One big challenge during lockdowns was to satisfy insurance requirements for unoccupied premises and to find new ways to assess and monitor shops while they were closed. The team worked with colleagues in security and income protection and in central operations to develop a range of new ways to monitor premises remotely and flag up anomalies that might indicate a need for a physical maintenance visit. Using live CCTV feeds, electricity usage data and till network connectivity reports, the team was able to identify issues including burst pipes, storm damage and possible intruders. Monitoring the estate remotely meant that the team could satisfy insurers without putting staff at unnecessary risk. 

An unexpected bonus was that the team managed the transition to a new insurer during the pandemic and the new arrangement saved the charity £80,000 a year. McMillan points out that switching to a new insurer typically involves collating information for the tender from every one of the charity’s directorates and this was the first time it was all completed remotely.  

Lessons for the future

McMillan believes that the R&A team has learnt to be more empathetic during the crisis and has increased its reputation and its understanding of the organisation and the people who work in it. 

“We found that the three-week feedback assessments and support visits went down very well with managers and teams in other functions, because we really knew how people were responding to, and coping with, change. Within the team, we established a virtual ‘coffee morning’ every day at 9am to help us catch up with each other socially and raise spirits. We’ve kept this going and now do it three days a week,” he says.

Remote working for at least a few days each week is likely to remain important in future. Experiences in lockdown demonstrated how efficiently the team worked from home and McMillan hopes that a flexible working environment will help them to recruit people with scarce skills, such as IT, from further afield, as well as accommodating staff who already live further from offices or who have moved away from cities. “While the technology and the use of Teams has held up incredibly well, so too has our team’s appetite for working in a different and dynamic manner. Daily team meetings help to bring the R&A team together more, meetings with stakeholders tend to be more focused and regular, while still informal, ‘side-bar’ chats have replaced tea point catch‐ups,” he says.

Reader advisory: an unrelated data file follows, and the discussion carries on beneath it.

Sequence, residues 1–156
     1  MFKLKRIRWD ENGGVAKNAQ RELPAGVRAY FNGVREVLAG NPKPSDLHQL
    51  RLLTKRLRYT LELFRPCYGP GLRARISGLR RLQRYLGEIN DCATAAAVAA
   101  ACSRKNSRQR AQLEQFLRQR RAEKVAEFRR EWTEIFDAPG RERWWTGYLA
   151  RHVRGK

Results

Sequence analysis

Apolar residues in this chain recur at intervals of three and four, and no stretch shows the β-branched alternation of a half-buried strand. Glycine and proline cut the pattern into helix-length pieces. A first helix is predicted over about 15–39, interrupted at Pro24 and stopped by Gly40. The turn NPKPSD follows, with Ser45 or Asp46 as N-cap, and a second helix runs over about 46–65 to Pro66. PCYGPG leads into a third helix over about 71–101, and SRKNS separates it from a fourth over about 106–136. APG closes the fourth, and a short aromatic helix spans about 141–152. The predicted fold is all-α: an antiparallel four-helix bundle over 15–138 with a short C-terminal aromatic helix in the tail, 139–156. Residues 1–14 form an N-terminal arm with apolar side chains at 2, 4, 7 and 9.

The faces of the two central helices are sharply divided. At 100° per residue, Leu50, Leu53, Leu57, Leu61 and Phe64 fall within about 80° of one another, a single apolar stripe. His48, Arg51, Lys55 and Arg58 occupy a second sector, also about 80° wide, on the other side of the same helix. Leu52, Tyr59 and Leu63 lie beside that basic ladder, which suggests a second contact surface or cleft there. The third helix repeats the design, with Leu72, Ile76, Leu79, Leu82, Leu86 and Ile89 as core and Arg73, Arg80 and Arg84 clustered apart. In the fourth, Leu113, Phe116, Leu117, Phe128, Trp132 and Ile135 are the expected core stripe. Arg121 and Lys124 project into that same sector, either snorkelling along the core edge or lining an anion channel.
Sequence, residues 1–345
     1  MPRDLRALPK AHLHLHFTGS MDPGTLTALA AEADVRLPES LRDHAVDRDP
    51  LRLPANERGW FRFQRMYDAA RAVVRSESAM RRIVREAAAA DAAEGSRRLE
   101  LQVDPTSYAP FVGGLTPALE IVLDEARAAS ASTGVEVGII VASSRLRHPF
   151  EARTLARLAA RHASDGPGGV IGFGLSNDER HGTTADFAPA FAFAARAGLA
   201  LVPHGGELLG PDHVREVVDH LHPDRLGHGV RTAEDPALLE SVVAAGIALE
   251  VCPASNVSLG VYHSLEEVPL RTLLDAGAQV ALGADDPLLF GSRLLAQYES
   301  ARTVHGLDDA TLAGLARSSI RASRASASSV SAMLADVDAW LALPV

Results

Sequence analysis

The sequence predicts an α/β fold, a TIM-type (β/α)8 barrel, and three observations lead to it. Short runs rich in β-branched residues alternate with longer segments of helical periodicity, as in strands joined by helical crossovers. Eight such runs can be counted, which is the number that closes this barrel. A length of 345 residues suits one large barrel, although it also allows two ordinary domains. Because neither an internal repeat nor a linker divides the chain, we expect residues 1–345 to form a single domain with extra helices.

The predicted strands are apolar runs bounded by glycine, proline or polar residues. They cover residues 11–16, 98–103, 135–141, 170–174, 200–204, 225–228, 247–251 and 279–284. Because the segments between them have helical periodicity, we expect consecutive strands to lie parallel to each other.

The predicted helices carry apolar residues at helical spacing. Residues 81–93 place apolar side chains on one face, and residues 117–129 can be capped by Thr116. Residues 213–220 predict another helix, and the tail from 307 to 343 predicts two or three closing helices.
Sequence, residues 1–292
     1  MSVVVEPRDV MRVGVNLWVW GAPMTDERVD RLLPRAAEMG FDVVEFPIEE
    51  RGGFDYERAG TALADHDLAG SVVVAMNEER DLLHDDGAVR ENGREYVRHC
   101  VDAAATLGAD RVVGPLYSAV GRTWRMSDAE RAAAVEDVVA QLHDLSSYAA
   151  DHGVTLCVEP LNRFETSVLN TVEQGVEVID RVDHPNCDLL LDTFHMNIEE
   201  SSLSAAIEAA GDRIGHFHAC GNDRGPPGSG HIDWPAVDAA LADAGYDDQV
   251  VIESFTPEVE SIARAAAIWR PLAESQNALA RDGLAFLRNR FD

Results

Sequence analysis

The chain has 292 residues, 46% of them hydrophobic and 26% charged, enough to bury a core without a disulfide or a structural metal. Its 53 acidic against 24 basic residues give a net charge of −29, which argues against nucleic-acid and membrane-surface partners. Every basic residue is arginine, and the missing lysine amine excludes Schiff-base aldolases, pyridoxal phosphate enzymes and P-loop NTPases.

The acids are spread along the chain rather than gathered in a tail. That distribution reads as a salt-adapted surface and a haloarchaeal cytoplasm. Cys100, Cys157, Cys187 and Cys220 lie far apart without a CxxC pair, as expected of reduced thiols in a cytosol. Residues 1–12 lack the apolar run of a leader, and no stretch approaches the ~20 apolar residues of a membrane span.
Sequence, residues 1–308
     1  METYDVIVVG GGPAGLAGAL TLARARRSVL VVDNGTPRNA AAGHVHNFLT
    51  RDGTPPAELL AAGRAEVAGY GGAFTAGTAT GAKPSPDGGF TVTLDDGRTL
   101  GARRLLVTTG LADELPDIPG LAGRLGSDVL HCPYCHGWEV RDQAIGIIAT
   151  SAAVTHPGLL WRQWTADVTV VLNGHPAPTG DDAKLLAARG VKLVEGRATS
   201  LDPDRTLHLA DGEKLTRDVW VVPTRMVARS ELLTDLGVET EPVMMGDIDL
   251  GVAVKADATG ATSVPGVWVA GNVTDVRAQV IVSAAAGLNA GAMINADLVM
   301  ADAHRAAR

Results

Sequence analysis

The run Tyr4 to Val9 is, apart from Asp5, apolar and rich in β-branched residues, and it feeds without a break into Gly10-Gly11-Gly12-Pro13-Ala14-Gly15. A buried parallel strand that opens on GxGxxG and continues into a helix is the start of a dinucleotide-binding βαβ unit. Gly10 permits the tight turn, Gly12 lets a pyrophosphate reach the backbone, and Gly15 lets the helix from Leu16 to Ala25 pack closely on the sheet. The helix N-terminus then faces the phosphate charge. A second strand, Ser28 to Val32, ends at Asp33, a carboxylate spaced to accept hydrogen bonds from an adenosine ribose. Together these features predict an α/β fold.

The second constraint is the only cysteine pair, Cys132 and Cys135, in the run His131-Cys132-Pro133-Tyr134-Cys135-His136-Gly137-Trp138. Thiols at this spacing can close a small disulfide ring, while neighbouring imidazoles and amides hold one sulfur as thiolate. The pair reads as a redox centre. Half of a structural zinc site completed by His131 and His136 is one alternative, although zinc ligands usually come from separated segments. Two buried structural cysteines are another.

They have also learnt lessons from the changes they made to audit planning and McMillan says these will continue to evolve in the post-pandemic era. The team has restarted eight- to ten-week risk-based in-depth audits, but is also using more agile audit planning. It has abandoned its former 12-month planning cycle and introduced an Audit Log, which it re-visits with management and the audit committee each quarter. 

“We give feedback on what we’ve done and our priorities for the next period and report this to the audit committee each quarter. We’re confident about our plans for the next four to six months, but after that we’re not committed to any particular audits and can respond to emerging needs and focus assurance where it’s needed most,” he says. 

The R&A team is currently engaged in a third round of scenario planning, trying to work out what is likely to happen in the crucial retail season before Christmas and considering the risks of a bad flu season, recruitment challenges, changes to shipping charges, rising gas bills and the effect of increased ventilation in shops on heating. “About a quarter of my work is still focused on Covid-19 issues,” McMillan says.

He adds that they will need all their new flexibility to deal with rapidly developing risks, such as the impact of climate change. “Two or three years ago, this was not a big issue for managers, but now it’s important and we can see many potential impacts from it, so I think it will be a key audit in the coming year,” he says. “It may be that demand for our services from cardio-vascular patients will increase as a result and we will need to plan accordingly. In our retail division, we may need to look differently at seasonal stock and we have a social responsibility to think about our fleet, and how we heat our offices and shops. We also need to consider what effect hybrid working has on our carbon footprint.”

However, McMillan is confident that the charity is in a much stronger position if another national or international calamity occurs in future. “As an organisation, we are much more flexible and agile than we were. Some of this is down to technology. If the pandemic had happened two years earlier the situation would have been very different. But we mustn’t get over-confident and believe we’re prepared for anything – for example, we have been hugely dependent on digital tools and everyone’s home broadband during the crisis. If this stopped working it would hit everyone,” he warns.”

He believes that management is now more appreciative of internal auditors’ broad view of the organisation and realises that it can be a source of innovation and ideas. “Rather than being seen as wholly focused on risks and controls, we can also help to spot improvement opportunities in the organisation,” he says. “This is more interesting for us and is appreciated by managers.”

McMillan knew his team had done well, but winning the award gave everyone a “huge buzz”. “We’ve got cracking people here who have worked so hard, so it was great to be able to show management that this has been recognised.” 

 

This article was published in November 2021.